a product message image
{' '} {' '}
Limited time offer
SAVE % on your upgrade
3 minute read

FROM THE SARGASSO SEA TO WILLISTOWN AND BACK

From the Sargasso Sea to Willistown and Back A Remarkable Fish That Tells the Story of our Streams

WILLISTOWN

FAR LEFT: Lauren McGrath, Director of Watershed Protection, admires an American eel she found in Ridley Creek at Ashbridge Preserve.

NEAR LEFT: The American eel hatches in the Sargasso Sea and uses currents to move from its hatching grounds to fresh water in streams, lakes, and ponds along the east coasts of North, Central and South America, from Greenland south to Brazil. After 3 to 40 or more years, they return to the Sargasso Sea where females release their eggs and the cycle repeats. Map courtesy of U.S. Fish and Wildlife.

American eels are an important member of our freshwater community, but these unique fish start their lives in the ocean. The American Eel is the only catadromous fish in North America, which means that it spawns in the ocean and then matures and spends the majority of its life in freshwater streams, including those in the Willistown area! With breeding grounds in the Sargasso Sea, the young larvae, called leptocephali, spend their first year at sea. They then transform into glass eels and travel upwards of a thousand miles to freshwater inlets along the East Coast. The elvers (young eels) travel upstream until they find suitable habitat - while males tend to stop early and stay in brackish habitat, the industrious females travel all the way to headwaters streams. During their freshwater stay, they mature into yellow eels and feed on aquatic insects, worms, mollusks, other fish and crustaceans, especially crayfish. In fact, eels are being studied as a potential native control for invasive crayfish species in the Delaware River Basin. Crum Creek, in the Trust’s Kirkwood Preserve, is part of this ongoing study which is being conducted by the Academy of Natural Sciences of Drexel University, Delaware River Keeper, and the Pennsylvania Fish and Boat Commission. Once eels have reached maturity which can take upwards of 20 years, they assume their final form as a silver eel and return to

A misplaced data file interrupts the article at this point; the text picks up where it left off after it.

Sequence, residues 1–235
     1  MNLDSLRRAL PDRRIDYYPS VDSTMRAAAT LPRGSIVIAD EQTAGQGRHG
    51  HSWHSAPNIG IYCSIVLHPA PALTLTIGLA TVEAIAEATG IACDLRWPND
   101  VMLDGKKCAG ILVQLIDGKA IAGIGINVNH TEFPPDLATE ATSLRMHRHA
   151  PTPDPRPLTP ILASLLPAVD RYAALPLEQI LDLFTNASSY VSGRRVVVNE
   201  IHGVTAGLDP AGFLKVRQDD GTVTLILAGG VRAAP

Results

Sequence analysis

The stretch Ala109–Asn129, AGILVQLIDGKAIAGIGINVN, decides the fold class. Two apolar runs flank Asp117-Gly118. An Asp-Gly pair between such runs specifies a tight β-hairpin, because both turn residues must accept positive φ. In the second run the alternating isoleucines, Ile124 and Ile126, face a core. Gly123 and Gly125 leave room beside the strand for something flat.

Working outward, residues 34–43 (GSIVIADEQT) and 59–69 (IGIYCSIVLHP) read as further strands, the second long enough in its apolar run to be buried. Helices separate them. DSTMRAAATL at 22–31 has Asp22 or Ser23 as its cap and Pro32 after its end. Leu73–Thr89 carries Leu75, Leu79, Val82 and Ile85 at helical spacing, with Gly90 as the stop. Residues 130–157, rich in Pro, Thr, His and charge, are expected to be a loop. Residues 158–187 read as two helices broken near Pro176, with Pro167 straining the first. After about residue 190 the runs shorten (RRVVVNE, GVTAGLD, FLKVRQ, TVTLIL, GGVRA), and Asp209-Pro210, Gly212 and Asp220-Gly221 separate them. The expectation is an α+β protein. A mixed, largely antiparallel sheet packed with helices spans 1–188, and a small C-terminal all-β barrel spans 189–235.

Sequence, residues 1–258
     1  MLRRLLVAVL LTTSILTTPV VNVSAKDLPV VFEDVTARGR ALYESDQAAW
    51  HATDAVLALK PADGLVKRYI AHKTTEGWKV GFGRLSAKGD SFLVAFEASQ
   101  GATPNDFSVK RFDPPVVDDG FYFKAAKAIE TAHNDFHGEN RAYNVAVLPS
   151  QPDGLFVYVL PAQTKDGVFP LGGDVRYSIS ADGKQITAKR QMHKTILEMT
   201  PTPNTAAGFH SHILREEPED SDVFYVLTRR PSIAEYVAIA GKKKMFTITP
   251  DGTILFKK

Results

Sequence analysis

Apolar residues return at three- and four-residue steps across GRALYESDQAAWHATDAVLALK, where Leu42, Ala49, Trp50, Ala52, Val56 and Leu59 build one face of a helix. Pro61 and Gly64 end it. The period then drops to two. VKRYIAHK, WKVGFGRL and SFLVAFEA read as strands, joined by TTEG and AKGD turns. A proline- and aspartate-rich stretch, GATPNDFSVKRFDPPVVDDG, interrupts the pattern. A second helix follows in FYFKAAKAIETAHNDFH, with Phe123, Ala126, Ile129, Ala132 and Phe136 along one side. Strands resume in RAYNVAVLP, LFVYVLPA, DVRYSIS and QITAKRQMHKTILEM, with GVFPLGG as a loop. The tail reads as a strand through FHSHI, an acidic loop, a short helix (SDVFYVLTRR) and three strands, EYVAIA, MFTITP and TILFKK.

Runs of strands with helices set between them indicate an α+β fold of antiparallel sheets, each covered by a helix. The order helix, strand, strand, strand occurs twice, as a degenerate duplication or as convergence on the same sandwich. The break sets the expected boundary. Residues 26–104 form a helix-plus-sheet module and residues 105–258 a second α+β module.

their historic breeding ground in the Sargasso Sea to resume the cycle anew. Aside from being important predators (or prey) in the ecosystems they pass through, migratory eels also provide a source of transportation for the larvae of a number of freshwater mussel species. Mussels play a critical role in keeping our waterways clean. These bivalves are filter feeders that live in the stream bed and pass water through their system to find food. In one of the most unique partnerships in nature, the mussel larvae attach to the gills of migrating eels to hitch a ride to find a new location to settle upstream. They need to have this host fish to complete their life cycle, and without the eels, the larvae do not survive. Water connects us all, and the endurance of this species highlights how changes in our landscape can have wide ranging impacts. Historically, eels existed in almost every waterway in the Delaware Basin and played an important role as a food source for the peoples who lived along the water. As waterways have been developed and dammed, the fish have been excluded from portions of their historic range and populations have declined. Thankfully, the combined efforts of many parties (including installing fish ladders, reintroduction and dam removals among other projects) have led to eels finding their way back into parts of their native range.

This story is from: